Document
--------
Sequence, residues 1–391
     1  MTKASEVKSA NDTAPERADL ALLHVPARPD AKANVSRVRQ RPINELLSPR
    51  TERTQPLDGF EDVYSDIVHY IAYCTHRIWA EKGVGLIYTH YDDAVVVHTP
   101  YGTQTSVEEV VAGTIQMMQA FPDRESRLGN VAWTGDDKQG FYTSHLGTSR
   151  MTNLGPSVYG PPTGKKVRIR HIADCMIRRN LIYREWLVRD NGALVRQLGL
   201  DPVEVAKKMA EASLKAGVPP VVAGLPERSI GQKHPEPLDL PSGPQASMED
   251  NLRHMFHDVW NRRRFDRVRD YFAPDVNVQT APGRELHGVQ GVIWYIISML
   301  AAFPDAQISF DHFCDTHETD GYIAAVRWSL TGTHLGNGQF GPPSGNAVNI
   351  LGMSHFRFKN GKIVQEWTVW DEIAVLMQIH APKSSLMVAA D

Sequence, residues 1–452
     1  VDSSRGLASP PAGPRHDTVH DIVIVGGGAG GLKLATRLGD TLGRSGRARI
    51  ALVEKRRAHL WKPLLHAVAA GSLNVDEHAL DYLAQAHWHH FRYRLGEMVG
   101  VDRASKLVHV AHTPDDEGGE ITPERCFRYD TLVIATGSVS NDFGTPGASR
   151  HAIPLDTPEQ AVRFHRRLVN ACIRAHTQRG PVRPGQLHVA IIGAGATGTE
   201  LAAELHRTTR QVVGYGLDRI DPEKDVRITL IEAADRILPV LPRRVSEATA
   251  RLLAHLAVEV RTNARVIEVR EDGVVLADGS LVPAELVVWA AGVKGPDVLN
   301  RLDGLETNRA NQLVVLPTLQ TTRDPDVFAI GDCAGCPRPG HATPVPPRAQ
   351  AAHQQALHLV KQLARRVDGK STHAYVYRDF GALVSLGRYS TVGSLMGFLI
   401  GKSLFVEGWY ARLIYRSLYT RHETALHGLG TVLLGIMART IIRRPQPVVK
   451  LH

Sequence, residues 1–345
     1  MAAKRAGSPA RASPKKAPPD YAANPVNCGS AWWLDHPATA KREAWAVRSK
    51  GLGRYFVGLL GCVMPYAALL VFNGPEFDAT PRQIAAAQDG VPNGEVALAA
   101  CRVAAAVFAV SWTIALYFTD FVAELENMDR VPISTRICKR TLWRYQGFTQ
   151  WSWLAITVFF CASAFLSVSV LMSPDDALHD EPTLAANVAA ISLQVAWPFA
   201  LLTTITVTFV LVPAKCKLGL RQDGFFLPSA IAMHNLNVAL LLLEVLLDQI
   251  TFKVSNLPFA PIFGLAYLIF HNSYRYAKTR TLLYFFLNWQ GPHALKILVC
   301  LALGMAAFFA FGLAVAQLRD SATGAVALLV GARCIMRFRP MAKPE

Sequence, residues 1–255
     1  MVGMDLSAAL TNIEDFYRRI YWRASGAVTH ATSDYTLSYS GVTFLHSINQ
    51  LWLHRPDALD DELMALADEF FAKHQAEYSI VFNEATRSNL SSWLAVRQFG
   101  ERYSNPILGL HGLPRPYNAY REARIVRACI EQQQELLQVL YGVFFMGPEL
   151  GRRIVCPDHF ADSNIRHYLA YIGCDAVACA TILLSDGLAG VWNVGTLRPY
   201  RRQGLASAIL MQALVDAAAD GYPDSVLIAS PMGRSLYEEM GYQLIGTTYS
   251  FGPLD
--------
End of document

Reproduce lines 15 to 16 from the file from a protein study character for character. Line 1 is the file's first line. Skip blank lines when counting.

   201  LAAELHRTTR QVVGYGLDRI DPEKDVRITL IEAADRILPV LPRRVSEATA
   251  RLLAHLAVEV RTNARVIEVR EDGVVLADGS LVPAELVVWA AGVKGPDVLN